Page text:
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Independent shipping news, photography and more from the Dover Strait.
Independent shipping news, photography and more from the Dover Strait.

Cross Channel Swimming

The man who started it all! Captain Matthew Webb.

 

SWIMMING THE ENGLISH CHANNEL

 

There is a saying that goes like this; from the outside looking in you can’t understand it, from the inside looking out, you can’t explain it; however, It is an iconic swim that is the 21 mile wide stretch of water between England & France.

 

Swimmers from around the globe see the EC swim as the Everest of open water swimming, more people have reached the summit of Everest than have successfully swam solo to France, in fact the total to date (end 2014) is 1429 swimmers making a total of 1810 crossings, this includes multiple crossings by individuals. The most by any single person is 43 by Alison Streeter MBE and the most by a man is 34 by Kevin Murphy. There have been 39x 2 way solos and 3x 3 way solo swims, impressive! I'll  share some more facts and figures with you later.

 

As with boating and other water based sport there are risks to contend with, hypothermia being the one that stands out the most as swimmers are swimming in temperatures ranging from 10 degrees in early May to 16 degrees in September, training time in the water by the end of May is usually around 2.5hrs….

Have you tried dipping your feet in the harbour??

 

Inexperience, under & over training, over confidence and a lack of ability to find the mental strength to carry on when you are tired, cold, feeling sick and have basically lost the will to turn your arms over are all issues that swimmers find themselves faced with during training and on the big day.

 

Some more facts: The fastest swim was by Australian Trent Grimsey in 6hrs 55min, the slowest by Kent’s very own gem of a lady Jackie Cobell in 28hrs 44min an epic swim which has led Jackie onto representing the UK in Ice swimming events around the world, well worth a Google!! Jackie is also to be found on Dover Beach at the weekends training for her swims throughout the season.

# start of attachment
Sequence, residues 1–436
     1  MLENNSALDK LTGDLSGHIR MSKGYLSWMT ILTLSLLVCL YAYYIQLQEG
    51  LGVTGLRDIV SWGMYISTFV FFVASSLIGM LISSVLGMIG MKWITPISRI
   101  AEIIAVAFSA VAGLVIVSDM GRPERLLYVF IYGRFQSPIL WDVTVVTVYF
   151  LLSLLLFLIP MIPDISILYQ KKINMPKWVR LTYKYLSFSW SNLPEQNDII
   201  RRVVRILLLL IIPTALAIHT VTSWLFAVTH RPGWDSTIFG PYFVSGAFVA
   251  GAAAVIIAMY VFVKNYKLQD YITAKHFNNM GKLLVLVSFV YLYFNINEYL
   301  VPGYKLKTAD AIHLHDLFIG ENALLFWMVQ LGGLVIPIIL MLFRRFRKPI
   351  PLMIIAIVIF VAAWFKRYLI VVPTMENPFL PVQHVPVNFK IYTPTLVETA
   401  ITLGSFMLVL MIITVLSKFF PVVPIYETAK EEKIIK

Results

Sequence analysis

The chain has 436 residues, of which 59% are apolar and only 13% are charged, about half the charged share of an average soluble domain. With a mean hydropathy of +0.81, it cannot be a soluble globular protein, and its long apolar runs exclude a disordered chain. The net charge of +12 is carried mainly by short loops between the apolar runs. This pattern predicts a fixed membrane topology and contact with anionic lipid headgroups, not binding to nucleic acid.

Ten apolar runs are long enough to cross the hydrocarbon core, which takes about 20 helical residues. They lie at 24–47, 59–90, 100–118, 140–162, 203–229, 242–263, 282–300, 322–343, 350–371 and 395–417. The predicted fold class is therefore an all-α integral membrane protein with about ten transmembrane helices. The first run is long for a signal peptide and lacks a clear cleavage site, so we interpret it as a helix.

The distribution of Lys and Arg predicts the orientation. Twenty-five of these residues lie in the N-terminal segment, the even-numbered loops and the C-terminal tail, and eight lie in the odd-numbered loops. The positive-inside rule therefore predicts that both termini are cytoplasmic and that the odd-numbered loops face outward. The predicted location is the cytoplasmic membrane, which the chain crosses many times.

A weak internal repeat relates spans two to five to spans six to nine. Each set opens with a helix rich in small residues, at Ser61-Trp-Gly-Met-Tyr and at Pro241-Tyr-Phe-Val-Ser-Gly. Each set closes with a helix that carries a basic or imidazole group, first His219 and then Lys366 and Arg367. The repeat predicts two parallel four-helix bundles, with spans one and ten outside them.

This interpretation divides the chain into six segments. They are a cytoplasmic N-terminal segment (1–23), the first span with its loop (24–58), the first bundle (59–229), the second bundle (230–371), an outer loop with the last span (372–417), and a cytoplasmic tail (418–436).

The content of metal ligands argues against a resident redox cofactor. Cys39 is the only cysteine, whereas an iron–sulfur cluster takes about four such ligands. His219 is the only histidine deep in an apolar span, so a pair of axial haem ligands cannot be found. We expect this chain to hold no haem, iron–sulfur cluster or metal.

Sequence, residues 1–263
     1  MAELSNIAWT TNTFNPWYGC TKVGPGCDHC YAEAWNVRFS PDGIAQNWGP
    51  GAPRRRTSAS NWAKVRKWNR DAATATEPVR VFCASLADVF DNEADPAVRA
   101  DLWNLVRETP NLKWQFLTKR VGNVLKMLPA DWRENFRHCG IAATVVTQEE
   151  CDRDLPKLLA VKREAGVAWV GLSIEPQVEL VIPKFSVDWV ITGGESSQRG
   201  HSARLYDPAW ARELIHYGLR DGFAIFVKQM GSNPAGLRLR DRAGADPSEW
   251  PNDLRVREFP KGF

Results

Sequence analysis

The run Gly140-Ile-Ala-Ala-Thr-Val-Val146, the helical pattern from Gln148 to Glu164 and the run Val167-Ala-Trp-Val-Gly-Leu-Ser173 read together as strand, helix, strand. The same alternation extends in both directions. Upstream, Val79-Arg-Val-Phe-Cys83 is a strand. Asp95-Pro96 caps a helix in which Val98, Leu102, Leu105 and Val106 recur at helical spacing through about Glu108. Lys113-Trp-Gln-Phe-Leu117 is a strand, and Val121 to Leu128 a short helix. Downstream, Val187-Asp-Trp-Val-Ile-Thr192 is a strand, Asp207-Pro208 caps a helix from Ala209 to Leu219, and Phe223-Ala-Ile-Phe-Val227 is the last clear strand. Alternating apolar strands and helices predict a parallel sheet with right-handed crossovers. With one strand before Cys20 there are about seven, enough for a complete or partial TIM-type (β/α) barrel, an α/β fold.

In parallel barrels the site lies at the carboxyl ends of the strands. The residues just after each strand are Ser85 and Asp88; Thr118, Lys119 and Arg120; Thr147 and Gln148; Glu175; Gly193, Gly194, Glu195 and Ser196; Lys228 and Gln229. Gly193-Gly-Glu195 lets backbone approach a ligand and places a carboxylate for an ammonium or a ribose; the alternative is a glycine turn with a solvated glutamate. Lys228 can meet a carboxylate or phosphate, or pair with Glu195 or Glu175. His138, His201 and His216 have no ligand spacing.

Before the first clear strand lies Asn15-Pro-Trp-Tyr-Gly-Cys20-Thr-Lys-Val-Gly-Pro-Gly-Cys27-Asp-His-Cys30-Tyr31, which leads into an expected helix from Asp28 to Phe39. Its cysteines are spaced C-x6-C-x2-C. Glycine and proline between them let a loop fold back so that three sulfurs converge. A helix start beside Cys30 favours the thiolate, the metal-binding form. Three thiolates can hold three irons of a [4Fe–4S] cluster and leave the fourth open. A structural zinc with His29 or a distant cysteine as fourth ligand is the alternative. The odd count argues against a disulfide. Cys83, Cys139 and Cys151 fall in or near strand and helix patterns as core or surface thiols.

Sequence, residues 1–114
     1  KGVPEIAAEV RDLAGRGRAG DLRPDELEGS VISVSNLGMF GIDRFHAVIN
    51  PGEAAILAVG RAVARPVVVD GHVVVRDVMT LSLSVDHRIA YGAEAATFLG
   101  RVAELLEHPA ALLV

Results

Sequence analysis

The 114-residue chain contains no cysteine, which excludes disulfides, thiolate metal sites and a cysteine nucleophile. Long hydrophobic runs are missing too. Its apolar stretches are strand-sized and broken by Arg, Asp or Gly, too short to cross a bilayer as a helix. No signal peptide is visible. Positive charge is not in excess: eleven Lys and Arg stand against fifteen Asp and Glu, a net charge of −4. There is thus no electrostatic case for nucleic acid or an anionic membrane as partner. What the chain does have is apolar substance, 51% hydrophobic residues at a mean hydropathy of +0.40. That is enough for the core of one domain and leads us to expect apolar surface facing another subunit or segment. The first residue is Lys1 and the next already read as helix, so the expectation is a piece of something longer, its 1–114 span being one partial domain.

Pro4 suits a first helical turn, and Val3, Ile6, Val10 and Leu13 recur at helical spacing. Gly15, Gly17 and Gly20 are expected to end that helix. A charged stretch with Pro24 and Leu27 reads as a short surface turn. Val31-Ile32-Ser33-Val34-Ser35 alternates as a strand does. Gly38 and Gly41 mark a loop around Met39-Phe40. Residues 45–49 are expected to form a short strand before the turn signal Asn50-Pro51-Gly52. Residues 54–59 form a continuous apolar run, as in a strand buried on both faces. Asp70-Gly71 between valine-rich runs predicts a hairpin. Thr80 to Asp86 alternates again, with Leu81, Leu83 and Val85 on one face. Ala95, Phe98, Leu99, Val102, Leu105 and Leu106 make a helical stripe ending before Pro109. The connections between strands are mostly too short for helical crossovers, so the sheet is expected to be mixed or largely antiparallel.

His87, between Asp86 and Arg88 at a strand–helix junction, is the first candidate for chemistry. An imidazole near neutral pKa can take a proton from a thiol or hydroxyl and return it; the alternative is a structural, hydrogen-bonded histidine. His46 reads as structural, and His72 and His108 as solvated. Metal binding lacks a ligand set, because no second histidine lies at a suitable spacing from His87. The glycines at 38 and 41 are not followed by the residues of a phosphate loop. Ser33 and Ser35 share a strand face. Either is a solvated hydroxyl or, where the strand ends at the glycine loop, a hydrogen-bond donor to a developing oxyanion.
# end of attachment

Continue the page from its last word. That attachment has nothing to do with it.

The question most channel swimmers are asked is simply WHY! Why would you want to do that? There really is no definitive answer, everyone has a story, a charity and maybe even a reason that just cannot be spoken.

 

Isn’t it cold in there?

I guess it is if you’re not used to it, but training to acclimatise to it for a long time leading up to swims is vital,  although some still do still succumb to the cold especially at night.

 

What about the jelly fish?

Of course there will be some jelly fish and yes some do sting, Sometimes there are vast swathes of them and other times hardly any. The Jellies are harmless, although some can give a sting that serves as a reminder that swimmers are sharing their home.

 

It must be really dirty in the sea?

No, it's actually pretty clean most of the time. With the exception of the odd floating flotsam & jetsam and sometimes build-up of seaweed after a storm it’s actually not too bad out there.

 

Why don’t swimmers swim in a straight line?

A typical crossing will be displayed on a chart as an inverted S shape. This is because the tidal influence in the channel shifts every 6 hours thus pushing the swimmer up and down the channel whilst they swim across the tide towards France.

 

Forever young?

The oldest was Otto Thanning as recently as 2014 when at 73 he became the oldest man to swim the channel. The retired South African Heart Surgeon took the accolade from Australian Cyril Baldock who at 70yrs 9 months had set the previous record only weeks before.

 

Next time you walk along the seafront in Dover have a look for the statue of Captain Matthew Webb, the first person to make the attempt back in August 1875, the statues of the swimmers arms and the swimmers training in the harbour and ask yourself…could you do it??

 

SWIM OR FERRY?.........

 

All information correct at time of publication.

 

Cross Channel Escort Vessel Suva landing a relay swim on the French coast in 2014.
Anastasia heading out to commence another swim in 2014.

 

 

 

Not far is it?! An aerial view of the Dover Strait, English Channel.

 

 

 

 

 

 

 

 

A picture captured by a support swimmer at the successful conclusion of another swim.

 

 

 

Whetted your appetite?!

Find out more at:

 

Channel Swimming & Piloting Federation

www.cspf.co.uk

 

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